Ingredients: (serves 4)
- 1 diced carrot
- 1 minced onion
- 1 diced celery
- 50 g diced bacon
- 450 g cubed potatoes
- 150 ml cream
- 3 kg clams + their liquid
- salt & pepper
- 4 scallops
- olive oil
- parsley for decoration Read more
“Sciur padrun da li belle braghi bianchi fora le palanche, fora le palanche”. These words are in Italian dialect and I’ve learned them when I was 8. I still remember them because they tell a story that could easily have been that of my grandma’s mother: this song talks in fact about the “mondine” who are the women that, at the end of the spring, went in the fields to harvest rice. This kind of job became common in the second half of 1800 and it was a big cultural change: these women faced for the first time the job market as independent subject, earned an individual salary and, considering that often the job was far away from home, they had more freedom. Together with these positive changes there were the negative consequences: they were paid less then men and the job was exhausting. To harvest rice they bent for hours with cold and insane water up to their knees, in June and July they were surrounded by insects and it was common to take malarial fevers. But this strong work experience gave them also the opportunity to develop a consciousness of themselves as a group: in the second half of 1800 there were some strikes and they succeeded in increase their salary. After 100 years everything seems so poetic but this is a story about hard work, misery and constant fight to improve, something that makes me proud to be a woman: it’s great see that if 150 years ago the only choice for a poor peasant girl was to break her back in a rice field today we have so much opportunities. The simple possibility to choose is a gift. I hope you enjoyed this little piece of Italian cultural history and hope you will like the recipe. Of course Italy is famous for risotto, but it’s quite common to cook rice also in the oven like in the recipe that I propose you today. Buon appetito!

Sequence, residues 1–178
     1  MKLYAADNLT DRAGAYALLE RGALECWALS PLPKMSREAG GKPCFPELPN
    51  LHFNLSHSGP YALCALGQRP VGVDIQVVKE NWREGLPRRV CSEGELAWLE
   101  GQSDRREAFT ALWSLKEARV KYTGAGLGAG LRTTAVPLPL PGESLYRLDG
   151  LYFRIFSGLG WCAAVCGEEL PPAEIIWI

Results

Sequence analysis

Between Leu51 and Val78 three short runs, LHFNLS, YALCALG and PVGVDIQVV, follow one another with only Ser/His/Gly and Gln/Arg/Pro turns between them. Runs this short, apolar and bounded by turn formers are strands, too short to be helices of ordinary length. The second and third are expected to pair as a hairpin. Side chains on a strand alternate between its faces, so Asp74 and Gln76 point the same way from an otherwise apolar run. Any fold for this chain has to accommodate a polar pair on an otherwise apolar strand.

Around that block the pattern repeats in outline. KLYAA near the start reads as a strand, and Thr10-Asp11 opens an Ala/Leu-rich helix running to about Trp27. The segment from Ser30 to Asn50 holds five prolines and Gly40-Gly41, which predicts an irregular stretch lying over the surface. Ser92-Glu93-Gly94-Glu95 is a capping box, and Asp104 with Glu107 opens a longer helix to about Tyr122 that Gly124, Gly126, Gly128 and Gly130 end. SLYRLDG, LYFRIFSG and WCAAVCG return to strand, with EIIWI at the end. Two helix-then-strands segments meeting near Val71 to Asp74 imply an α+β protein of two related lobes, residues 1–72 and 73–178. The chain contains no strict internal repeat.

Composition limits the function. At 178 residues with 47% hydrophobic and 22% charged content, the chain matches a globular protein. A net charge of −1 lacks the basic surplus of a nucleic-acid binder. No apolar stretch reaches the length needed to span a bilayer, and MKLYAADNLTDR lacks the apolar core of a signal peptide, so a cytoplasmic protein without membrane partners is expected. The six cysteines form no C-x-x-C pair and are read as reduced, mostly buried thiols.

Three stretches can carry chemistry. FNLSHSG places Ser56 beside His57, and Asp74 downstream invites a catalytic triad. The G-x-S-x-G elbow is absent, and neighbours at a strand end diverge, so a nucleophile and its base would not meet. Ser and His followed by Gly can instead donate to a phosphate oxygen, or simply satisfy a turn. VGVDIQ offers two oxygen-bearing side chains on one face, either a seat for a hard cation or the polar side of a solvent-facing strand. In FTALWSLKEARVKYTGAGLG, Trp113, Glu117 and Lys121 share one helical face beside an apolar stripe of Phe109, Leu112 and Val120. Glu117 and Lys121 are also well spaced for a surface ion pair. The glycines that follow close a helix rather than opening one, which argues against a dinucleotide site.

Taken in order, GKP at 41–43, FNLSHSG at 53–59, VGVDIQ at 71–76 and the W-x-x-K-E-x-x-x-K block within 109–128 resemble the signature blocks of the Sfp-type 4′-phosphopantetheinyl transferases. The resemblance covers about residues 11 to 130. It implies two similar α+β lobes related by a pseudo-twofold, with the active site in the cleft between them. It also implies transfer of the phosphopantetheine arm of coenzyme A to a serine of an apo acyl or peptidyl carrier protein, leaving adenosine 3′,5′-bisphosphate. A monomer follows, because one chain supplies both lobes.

It’s always sad come back from holidays and it’s even sadder if you leave sand, sea and sun and find yourself already in autumn! So, even if outside it’s raining, I love to cook something that keeps my mind on the beach, that reminds me of blue sky and lazy afternoons. One of my favourite summer ingredient is eggplant: my love for them is quite an addiction! They are so full af flavors that it’s enough to mix them with simple ingredients, like tomatoes and pecorino, to get a dish able to surprise everyone, like this one… hope you like it!
- 2 eggplants
- 5 tomatoes
- 2 cloves of garlic
- 2 tablespoon of oregano
- salt and pepper
As far as I can remember, I’ve always been a bookworm, totally happy when I feel the sensation of the paper under my finger and when I can lose myself in a story, fall in love with the characters… a special place among all the book I’ve read in my life is taken up by books related to food. The funniest thing is see how the people in these books stay in the kitchen: there’s no place for hurry and stress, they always cook like they have all the time in the world. Then, of course, I close the book and I find myself catapulted into reality: people coming for dinner, a daughter jumping and screaming around, a husband that has no time to make grocery shopping…. I’m sure you know the picture. So, keeping in mind how beautiful it would be have 5 or 6 hours to spend in the kitchen cooking without hurry, I find myself composing a menu with dishes that I can cook the day before, so that I don’t have to spend all the time before the dinner running around arriving at the table looking like a mad witch. For this reason panna cotta is often a good choice for me: terribly simple to do, FAST, and always good to strike the guests. Here you find my version with white chocolate and blueberry, hope you’ll like it! Buon appetito!